A Ghanaian Heads African Court on Human and Peoples Rights

By: Jonathan O. Grigsby, Snr. Contributor

 MONROVIA-A national of Ghana, Dennis Dominic Adjei has been elected a Judge of the African Court for of African Court on Human and Peoples Rights.

Professor Adjei was elected at the just-ended 41st Ordinary Session of the Executive Council of the African Union held in Lusaka, Zambia and he will serve a term of six years.

He will be based in Arusha Tanzania and will serve a six-year term.

At the same Ordinary Session, Justice Ntyam Ondo Mengue from Cameroon was re-elected for a second and final term of six years.

According to dispatch, Professor Adjei will be sworn-in during the opening of the four-week 66th Ordinary Session of the Court scheduled for Monday, August 29, 2022 in Arusha, Tanzania, the seat of the Court.

His sworn-In is in pursuant to Rule 3 of the Rules of Court and Article 16 of the Protocol to the African Charter on Human and Peoples’ Rights on the Establishment of an African Court on Human and Peoples’ Rights.

The President of the Court, Lady Justice Imani Daud Aboud, has congratulated the two Judges and wished them every success as they carry on the noble task of pursuing justice and protection of human rights in Africa.

The members of the Africa Union voted three times on the candidates after which Dennis Dominic Adjei from Ghana was number one and Pedro Sinai Nhatitima from Mozambique became number two.

The Union voted three times on the two candidates of which Dennis Dominic Adjei maintained the first position. In accordance with the African Union rules on elections, the members were to vote on Dennis Dominic Adjei for him to secure two-thirds of the 51 members of the Union who are eligible to attend and vote.

Forty-five members voted of which 41 voted for Dennis Dominic Adjei with four abstentions and was declared elected and appointed to occupy the Floating Seat for the next six years.

Ghana now has a member of the African Court of Human and Peoples Rights after Justice Sophia Akuffo, the first Ghanaian who served as a member and finally as the President of that court about six years ago.

In May 2022, the African Union declared a floating seat which was occupied by Justice Marie Therese Mukamulisa from Rwanda vacant and invited qualified applicants from Africa.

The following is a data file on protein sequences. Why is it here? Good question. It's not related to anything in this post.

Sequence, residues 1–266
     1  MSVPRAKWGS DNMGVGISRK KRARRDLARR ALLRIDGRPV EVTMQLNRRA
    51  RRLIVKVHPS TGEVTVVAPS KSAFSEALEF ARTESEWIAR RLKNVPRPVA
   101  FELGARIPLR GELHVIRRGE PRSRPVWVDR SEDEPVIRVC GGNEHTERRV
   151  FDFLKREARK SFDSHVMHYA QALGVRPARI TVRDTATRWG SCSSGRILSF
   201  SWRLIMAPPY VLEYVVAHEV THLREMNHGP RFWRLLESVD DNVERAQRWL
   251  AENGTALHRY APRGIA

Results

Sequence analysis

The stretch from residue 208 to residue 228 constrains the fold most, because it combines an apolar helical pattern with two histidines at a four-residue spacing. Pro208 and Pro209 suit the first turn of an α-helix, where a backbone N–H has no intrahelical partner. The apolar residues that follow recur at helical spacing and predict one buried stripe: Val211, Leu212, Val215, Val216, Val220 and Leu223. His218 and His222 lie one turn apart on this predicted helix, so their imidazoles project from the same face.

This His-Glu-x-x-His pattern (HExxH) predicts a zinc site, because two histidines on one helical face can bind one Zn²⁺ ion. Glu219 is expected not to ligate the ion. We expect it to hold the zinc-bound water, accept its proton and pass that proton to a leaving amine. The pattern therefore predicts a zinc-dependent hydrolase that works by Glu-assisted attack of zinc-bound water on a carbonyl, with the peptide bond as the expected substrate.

A male and female were selected from each of the African blocks at the Ordinary Session of the Executive Council meeting of the African Union.

The African Court on Human and Peoples Rights consists of 11 judges among whom 10 were elected from the African blocks; Western, Eastern, Northern, Central and Southern Africa and nationals of Member States of the African Union are elected in their individual capacity.

The Court meets four times a year in Ordinary Sessions and may hold Extra-Ordinary Sessions.

Among those shortlisted for the position include, Dennis Dominic Adjei, male from Ghana, Aua Balde, female from Guinea Bissau, Harimahefa, female from Madagascar, Pedro Sinai Nhatitima, male from Mozambique and Marie Therese Mukamulisan, female and incumbent from Rwanda.

About the African Court

The African Court on Human and Peoples’ Rights, also known as the African Court, is an international court established by member states of the African Union (AU) to implement provisions of the African Charter on Human and Peoples’ Rights known as the Banjul Charter.

It is seated in Arusha, Tanzania, the judicial arm of the AU and one of three regional human rights courts – together with the European Court of Human Rights and the Inter-American Court of Human Rights.

The African Court was created pursuant to a protocol to the Banjul Charter adopted in 1998 in Burkina Faso by the Organization of African Unity (OAU), the predecessor of the AU.

The protocol came into force on 25 January 2004, following ratification by more than 15 countries.

The court’s first judges were elected in 2006 and it issued its first judgment in 2009.

The African Court’s mandate is to complement and reinforce the functions of the African Commission on Human and Peoples’ Rights, a quasi-judicial body that monitors the implementation of the charter and recommends cases to the court.

It has jurisdiction over all cases and disputes submitted to it concerning the interpretation and application of the Banjul Charter, the protocol to the charter, and any other human applicable human rights instrument.

The court can issue advisory opinions on legal matters and adjudicate contentious cases.


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